As a Muslim woman living in the embrace of a vibrantly secular, liberal democratic society, you are constantly caught between two very different worlds.
On the one hand, there is your faith, Islam, a religion and way of life revealed to the Prophet Muhammad (peace be upon him) over 1400 years ago, a religion that affects the way you think, the way you act, the way you speak, dress and eat. It is the world of worship and sacrifice, of duties and voluntary charity. It is the world of faith.
Then, on the other hand, there is the dunya, the “worldly life”, where you live, work, study, shop, entertain and unwind. It is a world of trends and societal pressures, deadlines and promotions, summer sales and summer holidays. It is, in a nutshell, the world that almost everyone else lives in full-time.
And, interestingly enough, it is one that many non-Muslims are surprised that religious Muslim women inhabit at all. Despite the number of observant Muslim women active in public life in Britain (Respect party vice-chair Salma Yaqoob, editor and OBE Sara Joseph, activist and journalist Yvonne Ridley, novelist and dramatist Leila Aboulela to name but a few), media representations often fail to be anything more than stereotypes with subtle and not-so-subtle messages that Muslim women are oppressed, powerless, ghettoised, uneducated, devoid of ambition, with an unhealthy addiction to black clothes.
That is the only way I can explain the surprised reaction to the findings of a survey of Muslim women carried out by SISTERS Magazine and Ummah Foods. To some it apparently came as a revelation that Muslim women long for their soul mate and shop on the high street, that we too go out to eat and dream of running our own businesses one day.
This surprise struck me as puzzling. Where did people think we got our clothes from, if not shops like Hennes and Next, Monsoon and Zara? Or maybe they thought that, beneath our hijabs, jilbabs and niqabs, we simply wear more of the same: shapeless sack dresses and bloomers, stitched at home by hand.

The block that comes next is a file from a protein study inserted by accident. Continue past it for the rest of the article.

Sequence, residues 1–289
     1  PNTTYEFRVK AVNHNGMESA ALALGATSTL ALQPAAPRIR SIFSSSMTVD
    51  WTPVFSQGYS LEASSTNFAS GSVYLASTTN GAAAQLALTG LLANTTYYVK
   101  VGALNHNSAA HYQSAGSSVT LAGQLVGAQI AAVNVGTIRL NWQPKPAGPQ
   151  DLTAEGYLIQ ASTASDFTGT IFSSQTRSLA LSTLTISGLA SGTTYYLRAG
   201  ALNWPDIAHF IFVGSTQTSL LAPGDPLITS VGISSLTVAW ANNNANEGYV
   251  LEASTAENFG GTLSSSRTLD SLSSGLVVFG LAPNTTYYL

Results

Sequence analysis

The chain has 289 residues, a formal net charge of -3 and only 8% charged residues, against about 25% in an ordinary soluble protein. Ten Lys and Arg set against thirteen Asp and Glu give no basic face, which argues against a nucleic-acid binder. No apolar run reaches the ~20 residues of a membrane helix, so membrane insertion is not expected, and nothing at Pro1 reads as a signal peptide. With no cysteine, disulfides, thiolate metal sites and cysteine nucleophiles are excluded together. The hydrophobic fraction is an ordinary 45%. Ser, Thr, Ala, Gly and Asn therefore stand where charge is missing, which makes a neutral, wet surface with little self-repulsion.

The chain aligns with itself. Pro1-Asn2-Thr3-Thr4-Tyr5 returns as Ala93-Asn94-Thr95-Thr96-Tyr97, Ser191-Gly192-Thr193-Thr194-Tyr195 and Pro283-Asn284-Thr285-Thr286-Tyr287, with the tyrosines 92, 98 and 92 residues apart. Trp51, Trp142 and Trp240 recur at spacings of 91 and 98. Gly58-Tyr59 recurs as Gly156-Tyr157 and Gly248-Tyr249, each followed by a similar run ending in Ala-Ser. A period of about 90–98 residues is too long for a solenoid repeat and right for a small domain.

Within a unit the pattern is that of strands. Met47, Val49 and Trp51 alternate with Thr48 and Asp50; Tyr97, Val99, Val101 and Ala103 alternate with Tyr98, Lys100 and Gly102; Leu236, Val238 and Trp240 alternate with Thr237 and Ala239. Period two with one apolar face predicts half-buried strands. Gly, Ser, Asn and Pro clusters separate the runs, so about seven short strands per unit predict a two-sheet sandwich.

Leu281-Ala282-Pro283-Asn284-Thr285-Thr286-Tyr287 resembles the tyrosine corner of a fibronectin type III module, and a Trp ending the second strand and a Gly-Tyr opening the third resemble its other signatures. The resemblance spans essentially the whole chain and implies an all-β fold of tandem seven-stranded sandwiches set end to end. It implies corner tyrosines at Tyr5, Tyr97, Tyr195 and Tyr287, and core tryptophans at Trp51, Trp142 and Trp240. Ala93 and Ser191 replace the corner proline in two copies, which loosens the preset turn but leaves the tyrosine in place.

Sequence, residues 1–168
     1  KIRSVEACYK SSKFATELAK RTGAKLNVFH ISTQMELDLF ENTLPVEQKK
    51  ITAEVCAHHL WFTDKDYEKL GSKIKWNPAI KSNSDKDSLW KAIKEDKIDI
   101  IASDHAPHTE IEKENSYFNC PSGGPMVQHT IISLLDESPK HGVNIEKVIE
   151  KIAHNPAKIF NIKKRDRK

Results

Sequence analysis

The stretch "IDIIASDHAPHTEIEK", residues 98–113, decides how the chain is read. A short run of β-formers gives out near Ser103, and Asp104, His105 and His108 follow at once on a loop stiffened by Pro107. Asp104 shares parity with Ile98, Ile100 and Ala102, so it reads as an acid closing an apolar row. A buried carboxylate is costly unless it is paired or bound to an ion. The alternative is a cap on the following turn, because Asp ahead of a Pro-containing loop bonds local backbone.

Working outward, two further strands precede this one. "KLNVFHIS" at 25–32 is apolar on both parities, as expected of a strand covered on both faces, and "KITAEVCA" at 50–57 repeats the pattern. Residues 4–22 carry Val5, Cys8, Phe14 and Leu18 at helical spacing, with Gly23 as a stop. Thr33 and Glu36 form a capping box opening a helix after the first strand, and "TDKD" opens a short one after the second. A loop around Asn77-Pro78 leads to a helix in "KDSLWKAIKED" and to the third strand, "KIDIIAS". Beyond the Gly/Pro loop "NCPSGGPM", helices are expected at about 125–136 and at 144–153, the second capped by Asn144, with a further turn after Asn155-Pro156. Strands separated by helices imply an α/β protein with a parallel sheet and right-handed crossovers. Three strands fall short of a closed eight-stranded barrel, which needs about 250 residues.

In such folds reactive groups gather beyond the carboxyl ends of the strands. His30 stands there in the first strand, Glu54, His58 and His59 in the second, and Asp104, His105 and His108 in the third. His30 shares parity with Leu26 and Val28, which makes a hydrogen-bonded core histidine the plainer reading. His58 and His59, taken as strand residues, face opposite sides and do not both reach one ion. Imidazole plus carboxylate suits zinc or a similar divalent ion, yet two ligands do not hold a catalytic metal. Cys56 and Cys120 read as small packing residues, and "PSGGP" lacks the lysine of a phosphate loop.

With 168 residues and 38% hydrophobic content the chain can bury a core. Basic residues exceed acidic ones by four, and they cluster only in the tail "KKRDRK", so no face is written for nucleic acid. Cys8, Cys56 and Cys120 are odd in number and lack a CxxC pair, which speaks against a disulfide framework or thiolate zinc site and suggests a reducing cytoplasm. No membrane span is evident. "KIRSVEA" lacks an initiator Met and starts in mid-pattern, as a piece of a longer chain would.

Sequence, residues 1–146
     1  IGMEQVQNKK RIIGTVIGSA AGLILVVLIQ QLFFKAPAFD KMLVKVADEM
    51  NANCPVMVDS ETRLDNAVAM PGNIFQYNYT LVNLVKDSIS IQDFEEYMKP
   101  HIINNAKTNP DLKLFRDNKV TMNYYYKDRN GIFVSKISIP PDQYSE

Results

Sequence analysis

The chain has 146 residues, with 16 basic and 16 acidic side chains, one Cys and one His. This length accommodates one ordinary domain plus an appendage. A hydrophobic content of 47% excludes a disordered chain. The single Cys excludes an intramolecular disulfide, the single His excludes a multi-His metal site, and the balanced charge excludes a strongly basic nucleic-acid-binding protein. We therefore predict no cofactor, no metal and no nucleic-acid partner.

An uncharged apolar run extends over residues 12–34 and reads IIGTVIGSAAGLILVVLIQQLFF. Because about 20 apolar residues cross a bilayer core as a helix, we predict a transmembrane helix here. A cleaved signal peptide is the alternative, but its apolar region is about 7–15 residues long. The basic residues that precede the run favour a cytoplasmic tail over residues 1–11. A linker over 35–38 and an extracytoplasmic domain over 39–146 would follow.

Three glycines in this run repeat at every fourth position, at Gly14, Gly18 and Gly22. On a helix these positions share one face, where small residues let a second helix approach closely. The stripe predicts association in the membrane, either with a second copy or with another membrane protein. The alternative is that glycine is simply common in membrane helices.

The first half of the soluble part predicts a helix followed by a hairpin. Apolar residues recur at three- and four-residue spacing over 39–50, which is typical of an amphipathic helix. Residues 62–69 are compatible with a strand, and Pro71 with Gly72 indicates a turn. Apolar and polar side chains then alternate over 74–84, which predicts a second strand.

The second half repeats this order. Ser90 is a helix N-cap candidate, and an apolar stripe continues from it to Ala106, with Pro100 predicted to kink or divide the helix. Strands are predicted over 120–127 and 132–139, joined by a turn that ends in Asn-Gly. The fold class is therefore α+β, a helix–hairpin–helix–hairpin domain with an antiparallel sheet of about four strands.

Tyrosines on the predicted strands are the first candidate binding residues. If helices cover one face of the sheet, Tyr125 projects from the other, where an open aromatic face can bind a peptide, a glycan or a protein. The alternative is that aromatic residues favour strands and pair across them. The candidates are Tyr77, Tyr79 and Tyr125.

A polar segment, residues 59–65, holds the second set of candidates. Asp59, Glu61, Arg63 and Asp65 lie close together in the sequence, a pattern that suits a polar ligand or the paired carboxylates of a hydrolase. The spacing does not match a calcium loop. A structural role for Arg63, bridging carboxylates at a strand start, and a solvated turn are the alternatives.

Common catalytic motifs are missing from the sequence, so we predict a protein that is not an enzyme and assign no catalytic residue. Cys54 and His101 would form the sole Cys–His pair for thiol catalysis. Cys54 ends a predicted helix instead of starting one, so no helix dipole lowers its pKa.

What of the hijabi fashionistas, the undercover style queens, the ladies-only parties with beaded evening dresses and glitter hair gems? If nothing else, maybe the BBC television show Women in Black has shown audiences that there is indeed life beneath a black abayah. Do people really think that all Muslim women are victims of forced or ‘arranged marriages’ who live lives of dutiful obedience and loveless servitude with men who treat them like slaves?
How surprised people would be to learn of the ‘halal romance’, the deep love and affection felt by many Muslim couples, the years of companionship and support and, of course, numerous babies, that accompany many Muslim marriages. And, of course, even fewer know about the liberal attitude to marital intimacy that is to be found in the books of hadith and Islamic jurisprudence. But that is another story…
In essence, the Muslim woman in the UK is constantly negotiating the space between two worlds: Islam and the ‘dunya’; East and West, the past and the future, her individual needs and ambitions and the needs and demands of the wider community.
It is tricky sometimes, straddling the divide, and it requires a great deal of balance, patience and compromise. But we wouldn’t have it any other way. By choosing to practise Islam in the UK, this is what we have chosen: to have a foot in both camps and, hopefully, experience the best of both worlds, whatever those worlds may be.
Copyright: Na’ima B.Robert
Original Source: The Times (25/07/07)